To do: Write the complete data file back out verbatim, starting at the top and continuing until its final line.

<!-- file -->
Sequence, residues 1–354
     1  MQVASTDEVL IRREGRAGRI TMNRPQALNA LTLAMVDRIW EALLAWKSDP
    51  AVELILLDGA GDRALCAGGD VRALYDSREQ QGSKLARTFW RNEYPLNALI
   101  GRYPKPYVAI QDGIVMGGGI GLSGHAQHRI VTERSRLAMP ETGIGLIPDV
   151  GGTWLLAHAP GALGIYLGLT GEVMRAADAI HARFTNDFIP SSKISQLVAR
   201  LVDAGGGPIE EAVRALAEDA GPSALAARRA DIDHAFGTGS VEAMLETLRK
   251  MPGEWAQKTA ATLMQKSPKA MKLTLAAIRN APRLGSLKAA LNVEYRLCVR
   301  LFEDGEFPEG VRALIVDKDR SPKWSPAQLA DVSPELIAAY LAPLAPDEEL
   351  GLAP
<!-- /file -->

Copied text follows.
Sequence, residues 1–354
     1  MQVASTDEVL IRREGRAGRI TMNRPQALNA LTLAMVDRIW EALLAWKSDP
    51  AVELILLDGA GDRALCAGGD VRALYDSREQ QGSKLARTFW RNEYPLNALI
   101  GRYPKPYVAI QDGIVMGGGI GLSGHAQHRI VTERSRLAMP ETGIGLIPDV
   151  GGTWLLAHAP GALGIYLGLT GEVMRAADAI HARFTNDFIP SSKISQLVAR
   201  LVDAGGGPIE EAVRALAEDA GPSALAARRA DIDHAFGTGS VEAMLETLRK
   251  MPGEWAQKTA ATLMQKSPKA MKLTLAAIRN APRLGSLKAA LNVEYRLCVR
   301  LFEDGEFPEG VRALIVDKDR SPKWSPAQLA DVSPELIAAY LAPLAPDEEL
   351  GLAP